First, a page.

Cloud storage vendors:

Real estate businesses are joining in in the trend of increasingly trusting cloud computing applications, but those vendors that store information are also vulnerable to cybersecurity mishaps. If a fraudster targets trusted cloud providers and vendors that store other parties’ sensitive information, the trickle-down effect will definitely impact all businesses using said vendor.

Some make the case of an outsourcing scenario by using cloud providers, but still, in case of a hack, the real estate business is in a jam. Why? Clauses in cloud computing agreements often provide minimal protection to customers in the event of a cyber-attack, so customers are often left to deal with most of the liability.


What defences can reduce cyber risk?


Now more than ever before, real estate companies need to intently focus on implementing protections to reduce the chance of becoming a victim of an attack and to improve their real time responses in the case of its occurrence.


Set up a wire policy:

Structure a policy of never sending a wire based solely on an email to avoid falling victim to a BEC scam. A verification of the authenticity of the information in an email should always be carried out by talking to the individual in person, or calling the person on a known phone number, and never by replying to the email or calling a phone number from an email in question. This process is known as two-factor validation.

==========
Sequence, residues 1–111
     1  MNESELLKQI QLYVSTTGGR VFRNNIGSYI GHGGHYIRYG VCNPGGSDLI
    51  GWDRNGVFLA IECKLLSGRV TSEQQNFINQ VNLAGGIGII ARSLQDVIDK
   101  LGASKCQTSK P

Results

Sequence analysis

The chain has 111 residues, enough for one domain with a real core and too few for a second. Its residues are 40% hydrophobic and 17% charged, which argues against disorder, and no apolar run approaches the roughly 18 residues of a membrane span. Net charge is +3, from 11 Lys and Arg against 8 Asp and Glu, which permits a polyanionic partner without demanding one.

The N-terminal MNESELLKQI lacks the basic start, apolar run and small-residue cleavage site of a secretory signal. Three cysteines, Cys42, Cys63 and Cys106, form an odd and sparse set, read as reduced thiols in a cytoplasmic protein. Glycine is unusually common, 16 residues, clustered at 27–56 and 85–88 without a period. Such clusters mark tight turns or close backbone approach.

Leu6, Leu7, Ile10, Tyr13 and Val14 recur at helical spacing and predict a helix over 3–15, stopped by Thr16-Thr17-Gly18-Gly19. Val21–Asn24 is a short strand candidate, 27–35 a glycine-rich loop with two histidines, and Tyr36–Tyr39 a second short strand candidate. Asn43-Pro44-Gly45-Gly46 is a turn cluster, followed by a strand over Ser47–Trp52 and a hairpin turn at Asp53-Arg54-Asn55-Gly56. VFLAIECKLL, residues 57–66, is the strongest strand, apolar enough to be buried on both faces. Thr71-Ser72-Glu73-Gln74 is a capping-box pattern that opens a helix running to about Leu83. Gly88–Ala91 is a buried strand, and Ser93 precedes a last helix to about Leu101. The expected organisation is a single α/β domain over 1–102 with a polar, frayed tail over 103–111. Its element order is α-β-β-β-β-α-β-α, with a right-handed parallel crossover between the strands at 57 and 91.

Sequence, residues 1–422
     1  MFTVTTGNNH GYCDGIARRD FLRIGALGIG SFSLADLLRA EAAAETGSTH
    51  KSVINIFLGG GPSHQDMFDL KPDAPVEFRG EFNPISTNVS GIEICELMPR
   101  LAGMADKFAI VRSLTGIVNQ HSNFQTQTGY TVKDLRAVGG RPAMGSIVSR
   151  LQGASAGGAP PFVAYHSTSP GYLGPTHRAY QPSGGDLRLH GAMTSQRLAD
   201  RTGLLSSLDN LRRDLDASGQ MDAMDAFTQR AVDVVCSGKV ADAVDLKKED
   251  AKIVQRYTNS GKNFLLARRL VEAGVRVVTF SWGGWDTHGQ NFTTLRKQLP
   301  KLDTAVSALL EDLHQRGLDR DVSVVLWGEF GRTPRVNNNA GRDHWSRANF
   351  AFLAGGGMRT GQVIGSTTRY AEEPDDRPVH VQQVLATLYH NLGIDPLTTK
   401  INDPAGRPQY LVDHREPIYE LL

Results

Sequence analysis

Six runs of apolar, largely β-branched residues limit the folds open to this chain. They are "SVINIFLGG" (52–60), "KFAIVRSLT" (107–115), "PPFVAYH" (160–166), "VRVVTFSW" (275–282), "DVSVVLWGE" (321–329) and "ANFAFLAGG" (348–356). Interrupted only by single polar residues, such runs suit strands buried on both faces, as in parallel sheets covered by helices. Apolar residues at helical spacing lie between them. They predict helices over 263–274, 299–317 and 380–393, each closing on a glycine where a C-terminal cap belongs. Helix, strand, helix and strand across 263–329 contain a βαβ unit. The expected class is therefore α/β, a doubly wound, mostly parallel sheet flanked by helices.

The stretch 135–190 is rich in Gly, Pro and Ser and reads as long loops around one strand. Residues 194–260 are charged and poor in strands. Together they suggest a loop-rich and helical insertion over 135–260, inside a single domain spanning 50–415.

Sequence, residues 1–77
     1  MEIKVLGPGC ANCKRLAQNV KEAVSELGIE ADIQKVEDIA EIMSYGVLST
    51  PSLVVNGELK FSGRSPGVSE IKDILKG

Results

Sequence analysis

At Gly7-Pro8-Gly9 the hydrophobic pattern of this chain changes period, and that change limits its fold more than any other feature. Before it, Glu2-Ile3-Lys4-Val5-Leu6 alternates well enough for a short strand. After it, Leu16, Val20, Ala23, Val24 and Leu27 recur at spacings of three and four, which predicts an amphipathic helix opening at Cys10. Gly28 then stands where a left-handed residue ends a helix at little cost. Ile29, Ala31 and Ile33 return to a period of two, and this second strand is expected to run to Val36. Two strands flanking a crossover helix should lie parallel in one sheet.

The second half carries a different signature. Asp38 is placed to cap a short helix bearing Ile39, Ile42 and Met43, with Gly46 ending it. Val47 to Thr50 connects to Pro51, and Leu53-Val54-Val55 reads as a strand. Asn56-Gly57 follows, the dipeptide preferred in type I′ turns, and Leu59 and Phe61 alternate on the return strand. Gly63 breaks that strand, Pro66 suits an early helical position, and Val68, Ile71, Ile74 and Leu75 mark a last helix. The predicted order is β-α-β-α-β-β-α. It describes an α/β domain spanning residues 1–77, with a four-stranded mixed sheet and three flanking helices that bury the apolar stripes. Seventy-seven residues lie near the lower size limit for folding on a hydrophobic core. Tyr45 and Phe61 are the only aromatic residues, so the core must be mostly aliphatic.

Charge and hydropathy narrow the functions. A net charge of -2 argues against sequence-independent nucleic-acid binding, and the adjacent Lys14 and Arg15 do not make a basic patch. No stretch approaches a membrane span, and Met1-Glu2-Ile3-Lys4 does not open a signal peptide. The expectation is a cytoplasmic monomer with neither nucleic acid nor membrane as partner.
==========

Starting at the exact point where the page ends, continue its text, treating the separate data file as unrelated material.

Training—Inspite of the popular resounding warnings, A huge spectrum of hackers rely continuously on phishing, using deceptive emails to attract and trick people to click on links or open attachments that install malware on the computer, to perpetuate their attacks. Training can be an effective tool for lowering the risk of becoming the victim of an attack. When organizations train their employees, they become less susceptible to becoming a victim of hacking or ransomware. Since individuals within a business are often one of the biggest vulnerabilities for a business, a culture of awareness of cybersecurity issues with employees can be a powerful tool to avoid becoming a victim.


Negotiating information security provisions with counterparties to real estate agreements—A strong possibility is that emails containing new transfer instructions from fraudulent folks originate from valid email addresses, not spoofed email addresses. What has occurred here is that a hacker has gained entry to the email account of a party and is sending other businesses emails from legitimate email accounts. Hence, an unsuspecting person can send a transfer to a criminal bank account based upon wire instructions from a seemingly valid but hacked email address. Now in this situation, who bears the brunt? The company with the hacked email or the company that wired funds to the wrong account?